33. Springett BP. Aspects of the Relationship Between Burying Beetles, Necrophorus Spp. and the Mite, Poecilochirus necrophori Vitz. Br Ecol Soc. 1968;37: 417–424.

34. Wilson DS, Knollenberg WG. Adaptive indirect effects: the fitness of burying beetles with and without their phoretic mites. Evol Ecol. 1987;1: 139–159. doi: 10.1007/BF02067397

35. Sun S, Kilner RM. Mutualistic interactions with phoretic mites Poecilochirus carabi expand the realised thermal niche of the burying beetle Nicrophorus vespilloides. bioRxiv. 2019; 590125.

36. De Gasperin O, Kilner RM. Interspecific interactions change the outcome of sexual conflict over prehatching parental investment in the burying beetle Nicrophorus vespilloides. Ecol Evol. 2015;5: 5552–5560. doi: 10.1002/ece3.1795 27069605

37. Beninger C. Egg predation by Poecilochirus carabi (Mesostigmata, Parasitidae) and its effect on reproduction of Nicrophorus vespilloides (Coleoptera, Silphidae). Environ Entomol. 1993;22: 766–769. doi: 10.1093/ee/22.4.766

38. Blackman SW, Evans GO. Observations on a mite (Poecilochirus davydovae) predatory on the eggs of burying beetles (Nicrophorus vespilloides) with a review of its taxonomic status. J Zool. 1994;234: 217–227.

39. De Gasperin O, Duarte A, Kilner RM. Interspecific interactions explain variation in the duration of paternal care in the burying beetle. Anim Behav. Elsevier Ltd; 2015;109: 199–207. doi: 10.1016/j.anbehav.2015.08.014 26778845

40. De Gasperin O, Kilner RM. Friend or foe: inter-specific interactions and conflicts of interest within the family. Ecol Entomol. 2015;40: 787–795. doi: 10.1111/een.12259 26681822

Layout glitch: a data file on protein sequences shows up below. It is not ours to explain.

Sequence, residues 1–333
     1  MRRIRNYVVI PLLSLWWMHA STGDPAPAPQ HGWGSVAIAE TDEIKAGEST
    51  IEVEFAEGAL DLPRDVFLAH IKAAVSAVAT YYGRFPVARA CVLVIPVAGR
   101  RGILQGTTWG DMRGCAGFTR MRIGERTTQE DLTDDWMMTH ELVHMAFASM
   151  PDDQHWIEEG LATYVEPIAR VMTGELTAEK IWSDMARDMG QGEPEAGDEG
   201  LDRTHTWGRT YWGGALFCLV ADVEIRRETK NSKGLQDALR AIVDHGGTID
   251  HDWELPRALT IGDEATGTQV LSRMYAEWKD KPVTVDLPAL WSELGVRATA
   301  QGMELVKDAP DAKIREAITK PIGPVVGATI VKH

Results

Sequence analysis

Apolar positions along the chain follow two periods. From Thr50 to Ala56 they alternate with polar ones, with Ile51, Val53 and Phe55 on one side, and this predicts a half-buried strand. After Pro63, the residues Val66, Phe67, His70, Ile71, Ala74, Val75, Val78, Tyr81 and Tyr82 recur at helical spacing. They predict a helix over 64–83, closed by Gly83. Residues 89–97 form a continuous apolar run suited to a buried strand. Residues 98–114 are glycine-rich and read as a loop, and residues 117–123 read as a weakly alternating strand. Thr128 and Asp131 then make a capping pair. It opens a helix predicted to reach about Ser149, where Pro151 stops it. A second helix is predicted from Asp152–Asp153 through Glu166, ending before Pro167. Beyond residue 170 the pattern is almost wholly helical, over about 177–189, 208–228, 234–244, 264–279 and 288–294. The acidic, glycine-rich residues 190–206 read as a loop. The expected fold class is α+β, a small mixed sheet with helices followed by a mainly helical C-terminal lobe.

41. Nehring V, Müller JK, Steinmetz N. Phoretic Poecilochirus mites specialize on their burying beetle hosts. Ecol Evol. 2017;00: 1–9. doi: 10.1002/ece3.3591 29299254

42. Nehring V, Teubner H, König S. Dose-independent virulence in phoretic mites that parasitize burying beetles. Int J Parasitol. 2019;49: 759–767. doi: 10.1016/j.ijpara.2019.05.011 31401062

43. Pike VL, Lythgoe KA, King KC. On the diverse and opposing effects of nutrition on pathogen virulence. Proc B. 2019;286: 1–8.

44. Hall SR, Simonis JL, Nisbet RM, Tessier AJ, Cáceres CE. Resource ecology of virulence in a planktonic host-parasite system: An explanation using dynamic energy budgets. Am Nat. 2009;174: 149–162. doi: 10.1086/600086 19527119

45. Korn W. Zur Vergesellschaftung der Gamasidenarten Poecilochirus carabi G. u. R. Canestrini 1882 (= P. necrophori Vitzthum 1930), P. austroasiaticus Vitzthum 1930 und P. subterraneus Müller 1859 mit Aaskäfern aus der Familie der Silphidae. Spixiana. 1983. pp. 251–279.

46. Schwarz HH, Starrach M, Koulianos S. Host specificity and permanence of associations between mesostigmatic mites (Acari: Anactinotrichida) and burying beetles (Coleoptera: Silphidae: Nicrophorus). J Nat Hist. 1998;32: 159–172.

47. Fox J, Weisberg S. An {R} Companion to Applied Regression [Internet]. 3rd ed. Thousand Oaks CA: Sage; 2019. Available:

48. Scott MP. Male parental care and reproductive success in the burying beetle, Nicrophorus orbicollis. J Insect Behav. 1989;2: 133–137. doi: 10.1007/BF01053623

49. Schwarz HH, Müller JK. The dispersal behavior of the phoretic mite Poecilochirus carabi (Mesostigmata, Parasitidae): adaptation to the breeding biology of its carrier Necrophorus vespilloides (Coleoptera, Silphidae). Oecologia. 1992;89: 487–493. doi: 10.1007/BF00317154 28311878

50. Schwarz HH, Koulianos S. When to leave the brood chamber? Routes of dispersal in mites associated with burying beetles. Exp Appl Acarol. 1998;22: 621–631. doi: 10.1023/A:1006054604520

Článek vyšel v časopise


2020 Číslo 1
Nejčtenější tento týden